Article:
Academic journal article Memory & Cognition

Does Conal Prime CANAL More Than Cinal? Masked Phonological Priming Effects in Spanish with the Lexical Decision Task

Academic journal article Memory & Cognition

Does Conal Prime CANAL More Than Cinal? Masked Phonological Priming Effects in Spanish with the Lexical Decision Task

Article excerpt

Evidence for an early involvement of phonology in word identification usually relies on the comparison between a target word preceded by a homophonic prime and an orthographic control (rait-RATE vs. raut-RATE). This comparison rests on the assumption that the two control primes are equally orthographically similar to the target. Here, we tested for phonological effects with a masked priming paradigm in which orthographic similarity between priming conditions was perfectly controlled at the letter level and in which identification of the prime was virtually at chance for both stimulus onset asynchronies (SOAs) (66 and 50 msec). In the key prime-target pairs, each prime differed from the target by one vowel letter, but one changed the sound of the initial c, and the other did not (cinal-CANAL vs. conal-CANAL). In the control prime-target pairs, the primes had the identical vowel manipulation, but neither changed the initial consonant sound (pinel-PANEL vs. ponel-PANEL). For both high- and low-frequency words, lexical decision responses to the target were slower when the prime changed the sound of the c than when it did not, whereas there was no difference for the controls at both SOAs. However, this phonological effect was small and was not significant when the SOA was 50 msec. The pattern of data is consistent with an early phonological coding of primes that occurs just a little later than orthographic coding.

One important, and controversial, issue in cognitive psychology is the delimitation of the role of phonology in visual word recognition and reading. A growing body of evidence has accumulated in the past two decades showing that phonological information can be obtained automatically and early in the process of word recognition (for reviews, see Frost, 1998; Rayner, 1998). However, there is still an active debate as to whether phonological codes are always involved in the process of lexical access (see, e.g., Daneman & Reingold, 2000; Shen & Forster, 1999). In some models, the process of identifying visual words necessarily involves the computation of phonology (e.g., Van Orden, Pennington, & Stone, 1990), whereas in others, words can be identified via an orthographic code without necessarily resorting to the computation of phonology (e.g., the dual-route cascaded [DRC] model of Coltheart, Rastle, Perry, Langdon, & Ziegler, 2001, or the search model of Forster, 1976).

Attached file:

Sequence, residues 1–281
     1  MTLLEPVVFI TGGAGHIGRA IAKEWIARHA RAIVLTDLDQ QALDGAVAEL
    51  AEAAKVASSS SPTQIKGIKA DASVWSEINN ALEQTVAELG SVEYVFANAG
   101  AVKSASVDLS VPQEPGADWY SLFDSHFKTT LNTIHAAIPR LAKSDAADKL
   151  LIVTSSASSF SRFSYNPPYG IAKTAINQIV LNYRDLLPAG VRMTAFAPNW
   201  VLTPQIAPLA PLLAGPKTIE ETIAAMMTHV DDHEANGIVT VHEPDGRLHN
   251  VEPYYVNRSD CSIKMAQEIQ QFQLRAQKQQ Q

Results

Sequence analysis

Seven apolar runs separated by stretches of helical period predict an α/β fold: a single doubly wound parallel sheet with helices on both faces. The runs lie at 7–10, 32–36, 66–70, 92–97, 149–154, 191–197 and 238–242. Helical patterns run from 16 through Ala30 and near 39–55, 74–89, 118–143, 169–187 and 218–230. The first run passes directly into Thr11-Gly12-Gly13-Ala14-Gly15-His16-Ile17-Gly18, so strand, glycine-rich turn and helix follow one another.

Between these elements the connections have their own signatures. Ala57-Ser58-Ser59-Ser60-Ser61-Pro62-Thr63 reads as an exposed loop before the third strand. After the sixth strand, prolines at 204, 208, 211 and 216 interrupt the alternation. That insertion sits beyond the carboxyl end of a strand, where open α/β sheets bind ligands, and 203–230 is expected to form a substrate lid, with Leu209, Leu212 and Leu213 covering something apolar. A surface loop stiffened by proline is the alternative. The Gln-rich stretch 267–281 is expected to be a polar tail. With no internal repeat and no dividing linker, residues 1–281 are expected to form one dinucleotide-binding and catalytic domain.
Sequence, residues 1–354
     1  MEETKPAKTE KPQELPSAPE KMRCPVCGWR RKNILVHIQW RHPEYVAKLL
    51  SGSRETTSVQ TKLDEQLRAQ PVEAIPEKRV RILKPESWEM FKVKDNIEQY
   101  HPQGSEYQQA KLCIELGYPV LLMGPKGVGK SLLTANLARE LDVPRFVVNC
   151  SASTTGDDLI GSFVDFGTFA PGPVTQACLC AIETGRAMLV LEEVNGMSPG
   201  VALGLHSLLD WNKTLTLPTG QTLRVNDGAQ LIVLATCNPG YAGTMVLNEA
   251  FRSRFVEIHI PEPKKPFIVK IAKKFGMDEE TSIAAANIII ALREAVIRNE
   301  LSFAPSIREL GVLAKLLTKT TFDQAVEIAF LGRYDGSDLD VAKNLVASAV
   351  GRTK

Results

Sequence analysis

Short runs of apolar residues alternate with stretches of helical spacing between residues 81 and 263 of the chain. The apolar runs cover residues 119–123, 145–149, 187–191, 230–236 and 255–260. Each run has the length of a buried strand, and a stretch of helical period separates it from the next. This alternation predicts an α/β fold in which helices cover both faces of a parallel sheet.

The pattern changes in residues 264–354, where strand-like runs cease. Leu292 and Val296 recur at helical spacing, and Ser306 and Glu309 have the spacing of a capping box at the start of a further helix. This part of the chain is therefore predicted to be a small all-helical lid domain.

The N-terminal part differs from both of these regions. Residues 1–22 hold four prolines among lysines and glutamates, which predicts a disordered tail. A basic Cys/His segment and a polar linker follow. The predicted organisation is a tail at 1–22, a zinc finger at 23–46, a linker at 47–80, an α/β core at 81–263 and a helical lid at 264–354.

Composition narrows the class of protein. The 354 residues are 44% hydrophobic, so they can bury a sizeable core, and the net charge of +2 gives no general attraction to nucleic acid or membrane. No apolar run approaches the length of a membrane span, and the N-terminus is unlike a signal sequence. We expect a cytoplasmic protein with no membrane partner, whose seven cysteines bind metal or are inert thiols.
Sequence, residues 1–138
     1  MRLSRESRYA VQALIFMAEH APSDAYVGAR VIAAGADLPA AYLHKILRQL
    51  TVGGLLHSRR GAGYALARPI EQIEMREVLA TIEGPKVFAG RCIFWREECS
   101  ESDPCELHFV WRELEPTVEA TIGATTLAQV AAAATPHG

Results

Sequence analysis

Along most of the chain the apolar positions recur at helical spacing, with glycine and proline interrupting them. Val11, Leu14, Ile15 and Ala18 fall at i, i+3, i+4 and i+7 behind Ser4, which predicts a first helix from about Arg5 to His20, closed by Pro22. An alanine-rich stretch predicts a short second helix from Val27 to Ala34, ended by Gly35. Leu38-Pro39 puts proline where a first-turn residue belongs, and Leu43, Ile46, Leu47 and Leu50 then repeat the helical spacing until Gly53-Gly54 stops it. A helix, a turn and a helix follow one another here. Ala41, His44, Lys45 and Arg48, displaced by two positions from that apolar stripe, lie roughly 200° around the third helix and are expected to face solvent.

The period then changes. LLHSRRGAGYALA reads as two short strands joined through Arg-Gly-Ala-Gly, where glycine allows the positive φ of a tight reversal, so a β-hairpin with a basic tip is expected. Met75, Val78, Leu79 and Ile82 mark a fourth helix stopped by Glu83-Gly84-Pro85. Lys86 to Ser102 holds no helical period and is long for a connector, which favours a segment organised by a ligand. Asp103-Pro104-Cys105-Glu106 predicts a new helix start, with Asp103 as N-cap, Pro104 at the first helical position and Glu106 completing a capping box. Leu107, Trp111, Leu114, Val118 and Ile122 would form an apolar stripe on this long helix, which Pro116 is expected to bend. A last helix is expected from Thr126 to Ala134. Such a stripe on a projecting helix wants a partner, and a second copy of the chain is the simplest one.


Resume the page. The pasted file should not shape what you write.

One of the most fruitful paradigms for examining phonological effects in visual word recognition and reading is priming. The typical test for a phonological effect is whether a homophonic prime (e.g., rait) speeds response times (RTs) to a target (e.g., RATE) more than an orthographic control (e.g., raut) does. However, this procedure clearly rests on the assumption that the homophone and the control are equally orthographically similar to the target. Another concern in priming experiments is whether the effects observed are due to speeded encoding of the target word or to separate encoding of the prime, which may influence later decision or response stages in the processing of the target word. To minimize such postaccess phenomena, researchers have often opted to mask the prime in order to make it largely unavailable for conscious report. One such technique, employed here, is the masked priming technique (Forster & Davis, 1984; Forster, Mohan, & Hector, 2003), in which the prime is briefly presented between two masking stimuli. Initially, there is a forward mask (usually a string of meaningless characters), followed by a brief (approximately 33-66 msec) presentation of the prime, followed by the target, which also serves as a backward mask. The preferred task is the lexical decision task, rather than the naming task, because the naming task may have an intrinsic phonological component independent of lexical access.

A finding that a prime facilitates the processing of a phonologically related target word, relative to the control condition (under the conditions described above), should provide strong empirical support for the automatic prelexical involvement of phonology in visual word recognition. …

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